BWW Review: Bewitched, Bothered and Bewildered by Met's New RUSALKA

BWW Review: Bewitched, Bothered and Bewildered by Met's New RUSALKA

BWW Review: Bewitched, Bothered and Bewildered by Met's New RUSALKA
Kristine Opolais. Photo: Ken
Howard/Metropolitan Opera
BWW Review: Bewitched, Bothered and Bewildered by Met's New RUSALKA
Kristine Opolais and Eric Owens (left).
Photo: Ken Howard/Metropolitan Opera

Anyone arriving at a performance of the Met's new RUSALKA, in Mary Zimmerman's production, thinking that there's going to be an evening of Disney-type fun from this distant cousin of THE LITTLE MERMAID, will be in for a big disappointment. But for those seeking beautiful music (including one of opera's great arias), a game cast and good singing, RUSALKA, with soprano Kristine Opolais in the title role, offers a musically satisfying evening.

Antonin Dvorak--perhaps best known for his symphonies, including "From the New World," and for songs and chamber music--longed to be remembered for his operas. He wrote 10 of them, though none of them is exactly a household name; RUSALKA comes closest, outside the Czech Republic at least, with its motifs and other influences of Wagner playing an important role in its musical success. Nevertheless, it took 90 years after its premiere in Prague for the Met to add it to its repertoire.

In some respects, RUSALKA--not a name but her type of water creature--seems a good choice for an opera, with the water nymph making a Faustian deal with the witch, Jezibaba (the marvelous mezzo, Jamie Barton), trading her voice for the ability to canoodle with the Prince (the stylish tenor Brandon Jovanovich) she met in the forest.

The problem, of course, is that her deal means that she's silent for much of Act II and has no way of connecting with the prince, except perhaps by batting her eyelashes. This short-circuits her love affair, and leaves room for a princess to come and seduce the prince (though he needed little prodding), which leads to his downfall and Rusalka's fall from grace. It cuts her off from her family--and from the audience as well, calling on all of soprano Opolais' charisma to move the opera forward.

There's much to enjoy in this opera, however, despite any plot shortcomings. The first act is beautifully designed by Daniel Ostling with lighting by TJ Gerckens, though it's not that different from the production that preceded it. (The third act, however, reminded me of Opolais' last new production, MANON LESCAUT, and its desert in Louisiana.) As Rusalka, soprano Opolais does a gorgeous job with "Song from the Moon," the opera's signature piece, perched high in a tree as the moon quickly rises and moves over her shoulder. She was in good voice for the evening (the second of the run), but I wished she had more to do than be "poor, pale Rusalka," as her father, the Water Gnome (wonderfully sung by bass-baritone Eric Owens, always a great mythological character), refers to her endlessly. Zimmerman didn't do much to show why the charismatic Jovanovich was so bewitched by the nymph, except for the obvious sexual possibilities.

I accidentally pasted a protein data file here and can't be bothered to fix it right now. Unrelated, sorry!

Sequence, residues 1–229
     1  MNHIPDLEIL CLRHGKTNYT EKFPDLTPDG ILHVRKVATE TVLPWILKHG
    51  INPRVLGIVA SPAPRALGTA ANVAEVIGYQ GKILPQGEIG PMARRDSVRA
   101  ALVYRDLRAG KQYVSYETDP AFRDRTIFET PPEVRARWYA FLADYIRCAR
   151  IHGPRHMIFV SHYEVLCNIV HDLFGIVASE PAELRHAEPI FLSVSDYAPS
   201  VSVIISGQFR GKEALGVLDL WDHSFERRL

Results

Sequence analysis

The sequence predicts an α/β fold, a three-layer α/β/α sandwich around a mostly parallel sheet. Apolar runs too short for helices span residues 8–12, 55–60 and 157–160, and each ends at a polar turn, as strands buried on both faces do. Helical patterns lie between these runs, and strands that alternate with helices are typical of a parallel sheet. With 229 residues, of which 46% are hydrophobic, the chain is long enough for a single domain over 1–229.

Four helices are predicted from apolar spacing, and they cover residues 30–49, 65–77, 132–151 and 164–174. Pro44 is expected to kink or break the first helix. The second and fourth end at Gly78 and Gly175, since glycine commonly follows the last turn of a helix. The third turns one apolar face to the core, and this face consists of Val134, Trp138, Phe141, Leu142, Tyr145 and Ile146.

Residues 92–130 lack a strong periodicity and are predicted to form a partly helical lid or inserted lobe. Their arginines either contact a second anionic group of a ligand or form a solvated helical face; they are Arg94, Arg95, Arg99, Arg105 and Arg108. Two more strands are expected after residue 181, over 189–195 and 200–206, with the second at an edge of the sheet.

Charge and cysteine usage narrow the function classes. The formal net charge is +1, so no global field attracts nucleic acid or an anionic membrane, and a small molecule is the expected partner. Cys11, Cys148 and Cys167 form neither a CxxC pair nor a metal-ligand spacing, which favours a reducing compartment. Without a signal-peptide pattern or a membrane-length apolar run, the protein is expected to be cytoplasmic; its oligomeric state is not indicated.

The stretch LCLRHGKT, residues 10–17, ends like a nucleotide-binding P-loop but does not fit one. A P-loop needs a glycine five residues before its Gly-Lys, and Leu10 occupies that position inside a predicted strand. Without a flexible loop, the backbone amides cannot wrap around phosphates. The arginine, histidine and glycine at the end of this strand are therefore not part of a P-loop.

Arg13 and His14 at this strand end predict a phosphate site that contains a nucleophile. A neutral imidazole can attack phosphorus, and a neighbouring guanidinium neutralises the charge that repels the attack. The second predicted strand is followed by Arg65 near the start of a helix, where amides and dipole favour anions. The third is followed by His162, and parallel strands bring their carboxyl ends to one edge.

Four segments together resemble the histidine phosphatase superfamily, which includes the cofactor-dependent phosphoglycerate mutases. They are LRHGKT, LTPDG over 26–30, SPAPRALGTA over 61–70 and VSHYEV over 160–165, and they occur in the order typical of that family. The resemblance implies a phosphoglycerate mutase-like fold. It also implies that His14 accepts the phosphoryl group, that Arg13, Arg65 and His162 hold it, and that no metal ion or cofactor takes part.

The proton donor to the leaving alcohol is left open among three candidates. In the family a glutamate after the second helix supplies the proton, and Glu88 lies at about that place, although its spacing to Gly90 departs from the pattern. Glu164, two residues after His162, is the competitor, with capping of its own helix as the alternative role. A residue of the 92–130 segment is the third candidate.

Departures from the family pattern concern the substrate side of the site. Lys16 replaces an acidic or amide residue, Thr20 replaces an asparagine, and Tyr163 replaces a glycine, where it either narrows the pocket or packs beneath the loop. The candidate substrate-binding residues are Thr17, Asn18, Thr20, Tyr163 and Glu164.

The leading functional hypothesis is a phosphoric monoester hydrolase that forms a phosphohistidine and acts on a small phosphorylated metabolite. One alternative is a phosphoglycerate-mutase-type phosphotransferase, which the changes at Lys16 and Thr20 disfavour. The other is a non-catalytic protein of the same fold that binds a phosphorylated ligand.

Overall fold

Her opulent dress, covered in water lilies, designed by Mara Blumenfeld, is beautiful to look at but clumsy to move in, as if weighed down by rocks. This followed the instructions of the libretto, which call for her to be held back by the waters of her pond, but it was one time that I wished the librettist's instructions weren't followed to the letter. Blumenfeld's designs were first-rate throughout, particularly in Act II's ball, though I wondered why Jezibaba seemed to be from a different time period than anyone else in the cast. (Oh, those witches do what they want, I guess...)

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Richard Sasanow Richard Sasanow is a long-time writer on art, music, food, travel and international business for publications including The New York Times, The Guardian (UK), Town & Country and Travel & Leisure, among many others. He also interviewed some of the great singers of the 20th century for the programs at the San Francisco Opera and San Diego Opera and worked on US tours of the Orchestre National de France and Vienna State Opera, conducted by Lorin Maazel, Zubin Mehta and Leonard Bernstein.